(This blog post is expanding on a presentation I gave recenntly. Slides are here)
Modern software is a complex beast. We need to be sure that even after the smallest change is introduced, our application continues to function as intended (also small does not equal safe). This type of testing is called regression testing. 15 years ago, when I started working as a tester, the regression tests were performed by hand. I was part of a testing team, sitting in crammed room with one small window, getting paid $160/month after taxes to do just that. Performing the same boring, mindless, repetitive regression tests before each software release. Everyone in the team was thrilled when got the chance to test a brand new feature (exploratory testing). Unfortunately the majority of the work was regression testing.
Performing manual regression testing works up to a certain point. As more features are completed, more tests move from the ‘exploratory’ type to ‘regression’ type. Like a Ponzi scheme, in order to continue operating, you need to hire lots of testers for cheap. At some point either the market drives up the wages, or the regression tests become way to many to manage effectively.
This is the point at which automated regression tests start to make sense. They are great because they do exactly what they are programmed to do — no more, and no less. They don’t get tired, they don’t need sleep, they don’t get distracted, they don’t get nervous. In one word they are consistent. Companies can now hire less testers to do manual regression testing.
Automated regression tests can be divided to two types depending on what level they operate in the application stack. Low level, small tests operate on code level — unit tests. High level, larger tests operate on the external interfaces of the application — usually an API or UI level. They also require the full deployment of the application. In this blog post I’ll focus on the high level tests.
There are three basic problems with high level tests — they are slow, they are flaky and when they fail it is usually hard to locate where the problem is. I’ve given a number of presentations about how the problems can be addressed.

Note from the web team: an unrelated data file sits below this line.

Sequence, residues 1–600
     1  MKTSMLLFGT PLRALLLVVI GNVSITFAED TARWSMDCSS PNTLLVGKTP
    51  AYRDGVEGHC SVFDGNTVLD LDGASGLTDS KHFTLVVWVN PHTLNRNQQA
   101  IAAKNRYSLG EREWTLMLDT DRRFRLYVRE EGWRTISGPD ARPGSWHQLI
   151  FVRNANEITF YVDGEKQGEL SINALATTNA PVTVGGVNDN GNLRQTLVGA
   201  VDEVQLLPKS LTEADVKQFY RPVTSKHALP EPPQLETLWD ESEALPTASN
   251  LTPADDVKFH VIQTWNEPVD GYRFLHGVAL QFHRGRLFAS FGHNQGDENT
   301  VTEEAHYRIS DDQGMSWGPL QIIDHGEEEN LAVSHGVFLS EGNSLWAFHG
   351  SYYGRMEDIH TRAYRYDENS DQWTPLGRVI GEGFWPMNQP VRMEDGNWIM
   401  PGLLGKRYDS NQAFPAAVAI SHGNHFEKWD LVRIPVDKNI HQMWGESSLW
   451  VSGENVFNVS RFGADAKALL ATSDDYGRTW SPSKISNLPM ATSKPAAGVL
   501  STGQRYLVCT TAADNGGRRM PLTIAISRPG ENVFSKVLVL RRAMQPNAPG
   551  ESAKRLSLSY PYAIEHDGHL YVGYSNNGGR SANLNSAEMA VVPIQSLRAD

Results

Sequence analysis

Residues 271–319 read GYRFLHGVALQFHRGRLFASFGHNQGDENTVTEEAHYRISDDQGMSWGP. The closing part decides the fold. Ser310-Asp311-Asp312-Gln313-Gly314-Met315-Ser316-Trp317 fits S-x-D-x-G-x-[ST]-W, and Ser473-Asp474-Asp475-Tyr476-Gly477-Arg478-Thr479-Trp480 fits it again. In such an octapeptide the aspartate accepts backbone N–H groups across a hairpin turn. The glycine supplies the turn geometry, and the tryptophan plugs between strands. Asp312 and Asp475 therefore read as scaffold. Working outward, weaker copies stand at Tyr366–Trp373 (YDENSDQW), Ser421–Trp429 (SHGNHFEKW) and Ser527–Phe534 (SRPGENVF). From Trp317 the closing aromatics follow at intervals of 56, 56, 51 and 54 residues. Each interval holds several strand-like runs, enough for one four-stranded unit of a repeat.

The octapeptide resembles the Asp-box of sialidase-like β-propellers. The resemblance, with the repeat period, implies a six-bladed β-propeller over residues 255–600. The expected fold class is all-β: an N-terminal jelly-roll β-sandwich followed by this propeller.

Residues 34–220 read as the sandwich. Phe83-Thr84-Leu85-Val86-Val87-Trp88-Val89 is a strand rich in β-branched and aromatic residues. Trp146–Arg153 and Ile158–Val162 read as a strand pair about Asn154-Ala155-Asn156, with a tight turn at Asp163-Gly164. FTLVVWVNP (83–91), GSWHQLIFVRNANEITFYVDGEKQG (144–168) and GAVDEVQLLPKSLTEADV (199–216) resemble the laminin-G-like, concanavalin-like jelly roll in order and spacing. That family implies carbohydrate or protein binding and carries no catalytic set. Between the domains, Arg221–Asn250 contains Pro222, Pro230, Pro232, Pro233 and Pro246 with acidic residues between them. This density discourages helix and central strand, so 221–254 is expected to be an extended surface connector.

In this post I want to highlight one more problem with the automated regression tests. Their rigidness, their inability to spot problems that they were not programmed to spot, their inability to detect the unanticipated.
A couple of years ago was presenting at a well known software testing conference on the East coast. I was very surprised that the talking point form the previous paragraph was brought by the majority of speakers as a way completely denounce automated tests. Their main idea was that we went too far with the automated tests and we should go back to manual testing. The investment in test automation is just not worth it and that it will never be able to replace a smart human.
I think we’re a long way from replacing humans in any creative and problem solving activity, but I want to highlight how we can make our tools smarter in order to augment our abilities.
The following are six simple approaches we use to expand the reach and multiply the value of our automates tests to be able to detect defects that they are not specifically programmed to detect. The best part of them is that no change to the test itself is needed and they can work with every programming language and testing framework.
Lets start with something simple. Flaky tests are a reality for everyone who writes functional high level automated tests. Flaky tests are caused by three major factors: the tests themselves, how to application is setup to run or the application itself. How can you find if a single test is flaky? You can, for example, you can run it 100 times against an application that does not change (deployed on dedicated testing environment). If the tests passes 100 times in a row, then it has less than 1% chance to be flaky.
To speed up test execution, the functional tests are usually run in parallel, which puts additional strain on the application under test.
In my experience, the majority of the flaky tests are caused by the tests themselves (around 80%). But in order to gain more knowledge about an application we need to also pay attention to the flaky tests that are caused by the setup of the application and by the application itself (around 20%).
If you are sure that the test itself is not the cause of the flakiness, then it means that it’s the application. Don’t despair as this is an excellent opportunity to learn more about it and to improve. The following are some of the problems that we have discovered when investigting flaky tests.
- Load balancer or pool issues. Tests may fail when the load balancer points all the requests to a few backend machine (because of resource constrains). Tests will fail if a machine from the pool is malfunctioning
- Write concerns. Hardcoded read from a machine in replication that is not geographically the closest (fastest one)
- DB connection pools set to lower capacity
- Thread unsafe code.
- DB transaction locking takes too long
- Lack of or insufficient retries when problem occurs a distributed application.
- DB connections are not closed when write operation completes
Random Test Data
I used to work for a company that had a great set of automated UI tests. They were around 800. Before the start of each test, it was creating all the data it needed — users, clients, transactions etc. And then the actual test would commence. The tests were reading test data from an XLS file. One row - one test case. The problem was that the data was always the same. Each user had the same first and last name. It was always - John Payer.